1911 - 7 round magazines are an exception because they were actually designed for 8 rounds. The 7 round 1911 magazines have a longer leg on the follower so you can't quite get 8 rounds in it but there is enough room to seat a fully loaded mag without damaging the top cartridge or the magazine latch. By using a follower with a shorter leg, you can convert a 7 rounder into an 8 rounder but the total capacity of the 1911 is still 8 rounds because there isn't enough free space in the magazine to compress the column of cartridges with the slide forward.
 

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Stainless steel MK III Target. Somewhere I got the idea that it was "good practice" to release the bolt by pulling back on the bolt and releasing it ("sling-shotting"), after inserting a fresh magazine. Then after a while I started using the bolt release lever on the side, since it falls very naturally under my left hand thumb in my firing stance and two-handed grip. I find I like it better at the range because I don't have to take my left hand off the weapon to grasp and release the slide, I keep my stance intact and I acquire a good target picture more readily.

What are the pro's and con's of using the bolt release lever instead of sling-shotting the bolt? If it matters I have the Volquartsen Volthane target grip and their matching bolt release lever.

Thanks, Brian
I have the only reason I can think of for why I slingshot instead of using the bolt stop. I have osteo-arthritis and it is particularly bad in my thumbs. I cannot release it without pain and so I modified my mkIII with the kane-wolf slingshot mod and a halo ring. Problem solved for me. Used it however is comfortable for you. Parts are not that expensive to replace even if you do break them.
 

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Folks, it I simple matter of reducing friction. If slingshot causes the bolt lock to be pushed down by spring action then that causes less friction than pulling the lever down and increasing friction in the release lever pivot pin and lever's face.

--ninjago
 

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Rugernijago,
Welcome to the forum. Will love to hear your comments in the future.

When the Ruger Mark IV came out I asked this question because I did not see it in the owners manual and wondered if they changed something in the Mark IV.

I had several comments on my post and on my new Mark IV 22/45 Tactical the release was so hard to move by thumb that I had to sling shot it. But I took the stop out and polished it and changed the angle just a bit and it now operates really well and I don't sling shot it any longer. Main reason is because a well respected Gunsmith that is on these sights, made the comment that it was no big deal to use the release. If it ever wears out they are cheap and easily replaceable. Kind of hit a home run in my mind. So I do use the sling shot method in my Marks I use the release in my 22/45 to see if it really does hurt anything. Which I do not believe it will. Plus I prefer to use the release.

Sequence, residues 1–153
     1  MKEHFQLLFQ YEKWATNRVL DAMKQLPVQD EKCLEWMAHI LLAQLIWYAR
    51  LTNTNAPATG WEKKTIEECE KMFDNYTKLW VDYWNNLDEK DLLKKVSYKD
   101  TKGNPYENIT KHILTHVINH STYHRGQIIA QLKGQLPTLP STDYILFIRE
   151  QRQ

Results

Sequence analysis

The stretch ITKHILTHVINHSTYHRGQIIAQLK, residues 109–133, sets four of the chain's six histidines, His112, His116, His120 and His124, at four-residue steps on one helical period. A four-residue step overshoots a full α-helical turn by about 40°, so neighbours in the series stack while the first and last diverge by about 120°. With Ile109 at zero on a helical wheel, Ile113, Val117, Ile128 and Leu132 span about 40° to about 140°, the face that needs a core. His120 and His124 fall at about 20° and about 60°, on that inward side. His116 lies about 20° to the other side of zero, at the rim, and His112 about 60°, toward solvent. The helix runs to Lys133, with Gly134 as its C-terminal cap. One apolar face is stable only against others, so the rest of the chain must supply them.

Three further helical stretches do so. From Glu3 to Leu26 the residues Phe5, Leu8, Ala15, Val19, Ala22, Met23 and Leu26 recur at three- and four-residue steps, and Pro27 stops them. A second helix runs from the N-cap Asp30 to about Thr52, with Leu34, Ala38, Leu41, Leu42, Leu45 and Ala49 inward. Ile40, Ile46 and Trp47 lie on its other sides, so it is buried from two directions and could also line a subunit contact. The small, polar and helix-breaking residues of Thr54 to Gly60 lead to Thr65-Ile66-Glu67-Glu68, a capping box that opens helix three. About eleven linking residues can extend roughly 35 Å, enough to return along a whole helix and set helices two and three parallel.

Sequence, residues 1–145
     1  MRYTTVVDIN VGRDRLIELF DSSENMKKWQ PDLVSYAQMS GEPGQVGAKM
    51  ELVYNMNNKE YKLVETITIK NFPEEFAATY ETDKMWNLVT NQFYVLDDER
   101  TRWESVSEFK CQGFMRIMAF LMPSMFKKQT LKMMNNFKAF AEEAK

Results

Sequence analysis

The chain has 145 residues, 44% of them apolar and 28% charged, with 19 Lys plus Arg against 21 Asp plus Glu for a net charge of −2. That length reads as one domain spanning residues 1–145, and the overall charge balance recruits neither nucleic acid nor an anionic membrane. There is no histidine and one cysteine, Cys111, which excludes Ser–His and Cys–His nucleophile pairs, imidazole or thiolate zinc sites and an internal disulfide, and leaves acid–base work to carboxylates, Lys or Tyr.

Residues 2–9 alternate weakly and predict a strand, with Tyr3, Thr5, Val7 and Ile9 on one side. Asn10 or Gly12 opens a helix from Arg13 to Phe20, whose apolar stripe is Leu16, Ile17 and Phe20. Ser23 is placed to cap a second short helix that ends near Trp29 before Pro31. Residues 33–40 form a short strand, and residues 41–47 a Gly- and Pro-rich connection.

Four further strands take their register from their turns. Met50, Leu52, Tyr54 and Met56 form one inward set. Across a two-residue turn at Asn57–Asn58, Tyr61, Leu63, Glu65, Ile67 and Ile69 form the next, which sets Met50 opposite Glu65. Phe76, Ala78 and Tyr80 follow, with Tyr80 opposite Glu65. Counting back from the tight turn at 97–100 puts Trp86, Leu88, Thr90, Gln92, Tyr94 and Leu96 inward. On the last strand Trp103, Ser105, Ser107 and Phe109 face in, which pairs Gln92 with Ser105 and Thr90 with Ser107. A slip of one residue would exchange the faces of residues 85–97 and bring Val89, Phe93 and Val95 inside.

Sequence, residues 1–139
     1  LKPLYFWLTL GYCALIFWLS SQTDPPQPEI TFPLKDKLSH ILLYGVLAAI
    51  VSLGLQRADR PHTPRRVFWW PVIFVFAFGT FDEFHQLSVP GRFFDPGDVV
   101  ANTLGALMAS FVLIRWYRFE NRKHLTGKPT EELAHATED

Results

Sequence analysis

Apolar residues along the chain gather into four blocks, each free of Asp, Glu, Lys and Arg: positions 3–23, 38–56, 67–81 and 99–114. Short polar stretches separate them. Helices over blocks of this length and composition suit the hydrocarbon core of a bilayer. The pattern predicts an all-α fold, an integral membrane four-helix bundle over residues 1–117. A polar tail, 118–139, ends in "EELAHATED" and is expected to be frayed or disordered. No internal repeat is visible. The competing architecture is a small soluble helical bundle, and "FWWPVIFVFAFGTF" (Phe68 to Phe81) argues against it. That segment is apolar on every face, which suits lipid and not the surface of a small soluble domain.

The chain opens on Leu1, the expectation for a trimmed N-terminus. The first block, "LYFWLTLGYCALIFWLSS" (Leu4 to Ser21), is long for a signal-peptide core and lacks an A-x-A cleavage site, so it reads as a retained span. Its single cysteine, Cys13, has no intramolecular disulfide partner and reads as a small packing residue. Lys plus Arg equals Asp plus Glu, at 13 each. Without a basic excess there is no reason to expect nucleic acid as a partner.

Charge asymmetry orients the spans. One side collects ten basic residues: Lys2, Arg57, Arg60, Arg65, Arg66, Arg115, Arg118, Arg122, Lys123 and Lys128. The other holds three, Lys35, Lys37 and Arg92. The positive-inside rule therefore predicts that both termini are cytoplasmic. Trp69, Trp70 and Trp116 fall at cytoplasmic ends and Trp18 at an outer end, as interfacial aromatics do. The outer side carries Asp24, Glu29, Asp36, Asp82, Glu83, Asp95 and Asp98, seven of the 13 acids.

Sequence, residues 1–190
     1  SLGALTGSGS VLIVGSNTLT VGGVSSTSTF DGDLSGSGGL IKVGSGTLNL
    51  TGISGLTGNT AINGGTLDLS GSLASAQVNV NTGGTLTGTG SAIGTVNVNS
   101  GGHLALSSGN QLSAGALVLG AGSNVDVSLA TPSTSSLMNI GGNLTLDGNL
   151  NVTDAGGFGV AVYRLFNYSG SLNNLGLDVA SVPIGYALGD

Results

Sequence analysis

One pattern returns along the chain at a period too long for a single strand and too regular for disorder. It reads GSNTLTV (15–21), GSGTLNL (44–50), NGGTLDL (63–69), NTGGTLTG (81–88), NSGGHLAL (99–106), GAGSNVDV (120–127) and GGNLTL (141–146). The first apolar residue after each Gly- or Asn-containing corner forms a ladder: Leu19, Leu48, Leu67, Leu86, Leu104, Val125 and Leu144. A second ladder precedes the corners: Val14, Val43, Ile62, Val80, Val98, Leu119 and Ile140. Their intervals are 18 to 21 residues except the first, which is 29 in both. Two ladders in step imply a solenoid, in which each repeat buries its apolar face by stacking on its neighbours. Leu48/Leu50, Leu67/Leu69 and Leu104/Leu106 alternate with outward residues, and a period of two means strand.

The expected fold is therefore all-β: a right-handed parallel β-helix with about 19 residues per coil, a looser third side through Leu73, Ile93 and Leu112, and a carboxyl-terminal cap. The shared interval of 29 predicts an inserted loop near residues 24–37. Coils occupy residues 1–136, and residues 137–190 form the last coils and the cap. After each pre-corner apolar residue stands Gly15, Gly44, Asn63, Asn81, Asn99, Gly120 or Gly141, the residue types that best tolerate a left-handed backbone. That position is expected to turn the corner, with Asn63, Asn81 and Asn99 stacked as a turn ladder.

So do as you would want or what makes you feel better. It's all good in my opinion.
 

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I may be doing it wrong, but I don't care.....8000 rnds thru Ms. MKIII and have been using the bolt stop release the entire time. This gun works great for me and what I do with it and slingshoting it takes me out of rhythm. If I need to replace a worn part sometime in the future then so be it.
 

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MKI Target , MKII Standard and four different 1911's all get the bolts/slides released by the little lever ... but I don't dry fire any of them .
My Walther PPK gets the slingshot method because that's the way it was designed ...no little lever is on it .
Gary
 

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I have always used the "slide release" on my MK2 Government. Thousands of rounds later and no issues. The same on my 1911.
 

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Like others, I use the bolt stop on my MKIII's to release the bolt. I use the slide stop as a release on all my semi-autos with the exception of two S&W Shields as they are almost impossible to use as a slide release.

Reading through this string reminded me that the owner's manual for my Coonan 357 calls it a both a Slide Release and Slide Catch. The operational portion specifically states to release the slide using the Slide Catch.

Manual for the Colt says to grip the slide and pull rearward. Don't think I ever read that manual before. In the Navy they always trained us to use the slide stop, so that's what I've always done.
 

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The only thing that engenders more arguments than the old "slide stop vs slide release" controversy is "how, and how often, to clean your gun".